Explaining the failure of the unbiased forward rate hypothesis using a time-varying risk premium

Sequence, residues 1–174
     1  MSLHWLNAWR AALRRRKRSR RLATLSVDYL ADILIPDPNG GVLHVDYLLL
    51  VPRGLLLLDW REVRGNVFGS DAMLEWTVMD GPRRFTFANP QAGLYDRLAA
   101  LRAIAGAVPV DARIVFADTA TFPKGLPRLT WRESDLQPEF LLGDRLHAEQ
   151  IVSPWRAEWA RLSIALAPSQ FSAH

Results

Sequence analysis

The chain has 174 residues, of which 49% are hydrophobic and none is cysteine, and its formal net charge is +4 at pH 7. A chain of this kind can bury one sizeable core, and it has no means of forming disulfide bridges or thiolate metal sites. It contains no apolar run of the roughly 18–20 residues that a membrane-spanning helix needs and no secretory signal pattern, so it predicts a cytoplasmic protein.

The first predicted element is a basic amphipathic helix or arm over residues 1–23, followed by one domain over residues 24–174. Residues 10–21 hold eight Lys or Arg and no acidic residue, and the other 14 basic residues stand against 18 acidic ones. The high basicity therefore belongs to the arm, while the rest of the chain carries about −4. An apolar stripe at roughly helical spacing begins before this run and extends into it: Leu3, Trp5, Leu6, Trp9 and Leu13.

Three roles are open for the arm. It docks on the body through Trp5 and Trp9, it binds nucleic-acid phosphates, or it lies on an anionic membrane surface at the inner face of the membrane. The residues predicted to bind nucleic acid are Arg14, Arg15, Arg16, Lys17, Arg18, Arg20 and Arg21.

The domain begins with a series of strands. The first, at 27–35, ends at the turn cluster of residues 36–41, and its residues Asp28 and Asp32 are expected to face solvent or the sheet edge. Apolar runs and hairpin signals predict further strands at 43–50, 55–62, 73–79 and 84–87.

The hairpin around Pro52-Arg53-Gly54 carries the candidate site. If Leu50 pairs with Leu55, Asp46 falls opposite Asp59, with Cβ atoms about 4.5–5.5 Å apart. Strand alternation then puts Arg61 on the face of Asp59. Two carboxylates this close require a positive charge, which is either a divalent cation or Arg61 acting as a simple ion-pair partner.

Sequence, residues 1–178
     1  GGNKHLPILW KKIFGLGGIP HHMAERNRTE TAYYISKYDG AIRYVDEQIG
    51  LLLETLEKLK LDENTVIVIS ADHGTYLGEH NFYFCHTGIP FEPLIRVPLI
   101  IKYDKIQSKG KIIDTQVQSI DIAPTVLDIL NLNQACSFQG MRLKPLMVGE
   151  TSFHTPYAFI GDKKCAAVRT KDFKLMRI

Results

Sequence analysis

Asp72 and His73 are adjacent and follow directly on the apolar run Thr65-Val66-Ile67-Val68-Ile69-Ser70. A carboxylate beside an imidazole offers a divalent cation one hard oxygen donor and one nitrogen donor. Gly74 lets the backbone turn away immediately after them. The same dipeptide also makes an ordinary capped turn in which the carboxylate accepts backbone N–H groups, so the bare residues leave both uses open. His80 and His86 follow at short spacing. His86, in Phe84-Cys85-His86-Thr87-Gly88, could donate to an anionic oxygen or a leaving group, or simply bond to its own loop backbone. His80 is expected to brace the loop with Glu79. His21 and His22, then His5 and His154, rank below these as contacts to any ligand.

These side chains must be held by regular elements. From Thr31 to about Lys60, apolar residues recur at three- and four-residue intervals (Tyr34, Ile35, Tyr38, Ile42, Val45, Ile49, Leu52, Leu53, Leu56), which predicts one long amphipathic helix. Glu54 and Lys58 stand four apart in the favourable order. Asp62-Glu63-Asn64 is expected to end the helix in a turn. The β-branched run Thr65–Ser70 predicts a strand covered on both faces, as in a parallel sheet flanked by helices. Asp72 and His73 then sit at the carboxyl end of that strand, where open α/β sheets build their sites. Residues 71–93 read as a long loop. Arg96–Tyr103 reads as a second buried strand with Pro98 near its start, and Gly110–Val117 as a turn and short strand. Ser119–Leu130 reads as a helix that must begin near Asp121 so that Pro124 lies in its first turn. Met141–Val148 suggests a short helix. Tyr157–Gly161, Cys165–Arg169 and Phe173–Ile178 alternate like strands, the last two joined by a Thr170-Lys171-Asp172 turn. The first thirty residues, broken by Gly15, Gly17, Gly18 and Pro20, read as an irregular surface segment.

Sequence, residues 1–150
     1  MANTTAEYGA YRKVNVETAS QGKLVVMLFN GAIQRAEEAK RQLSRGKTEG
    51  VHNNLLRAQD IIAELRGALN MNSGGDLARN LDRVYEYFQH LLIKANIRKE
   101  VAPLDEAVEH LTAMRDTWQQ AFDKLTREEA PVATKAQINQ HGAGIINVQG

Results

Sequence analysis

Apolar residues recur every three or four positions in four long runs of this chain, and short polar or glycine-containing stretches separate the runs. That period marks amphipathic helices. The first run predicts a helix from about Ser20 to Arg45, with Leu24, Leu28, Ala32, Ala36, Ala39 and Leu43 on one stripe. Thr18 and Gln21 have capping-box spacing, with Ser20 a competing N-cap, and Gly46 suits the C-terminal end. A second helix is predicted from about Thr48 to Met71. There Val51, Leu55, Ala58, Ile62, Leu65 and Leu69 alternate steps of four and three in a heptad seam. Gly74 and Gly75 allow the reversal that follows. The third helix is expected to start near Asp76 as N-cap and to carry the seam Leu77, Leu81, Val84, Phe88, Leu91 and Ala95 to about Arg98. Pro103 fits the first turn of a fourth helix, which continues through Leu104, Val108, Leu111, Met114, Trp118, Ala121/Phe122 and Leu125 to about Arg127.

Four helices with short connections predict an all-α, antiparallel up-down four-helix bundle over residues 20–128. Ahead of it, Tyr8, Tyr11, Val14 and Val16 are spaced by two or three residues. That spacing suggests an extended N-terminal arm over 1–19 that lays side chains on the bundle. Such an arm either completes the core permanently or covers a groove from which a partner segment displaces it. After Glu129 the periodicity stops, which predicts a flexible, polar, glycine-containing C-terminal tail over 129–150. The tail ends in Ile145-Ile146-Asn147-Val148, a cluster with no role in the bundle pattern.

This dissertation uses a time-varying risk premium to explain the failure of the unbiased forward rate hypothesis. In our opinion the risk premium drives a wedge between the forward rate and the expected future spot rate. We derive the risk premium from a small open economy continuous-time partial-equilibrium model. An exogenous mixed jump-diffusion exchange rate process is used in order to explicitly consider the effect of foreign currency intervention on the risk premium. The ability of the representative investor to hedge his foreign exchange risk stemming from his investment in foreign assets is also recognized. We are concerned with answering the following questions: Is there empirical evidence supporting our hypothesis that a time-varying risk premium is responsible for the failure of the unbiased forward rate hypothesis? What effect does foreign exchange intervention have on the risk premium? What effect does forward exchange hedging have on the risk premium? Are these effects significant? We find that our optimal foreign asset demand equation differs from the traditional foreign asset demand equations of Frankel (1982), Branson and Henderson (1985) or even Svensson (1992). With the ability to hedge his foreign exchange risk in the forward market the representative investor no longer needs to hold foreign assets in proportion to future foreign consumption shares. We offer a finding of cointegration as evidence that a time-varying risk premium is, at least partly, responsible for the failure of the unbiased forward rate hypothesis. We have determined using the Engle-Granger and Johansen cointegration procedure that the current spot exchange rate, lagged forward rate and lagged risk premium are cointegrated. These results are reinforced by the results of the Saikkonen procedure. Hypothesis tests indicate that the risk premium is significant and cannot be excluded from the long-run relationship. Foreign currency interventions are found to have an insignificant impact on the spot exchange rate, the risk premium and the UFRH.
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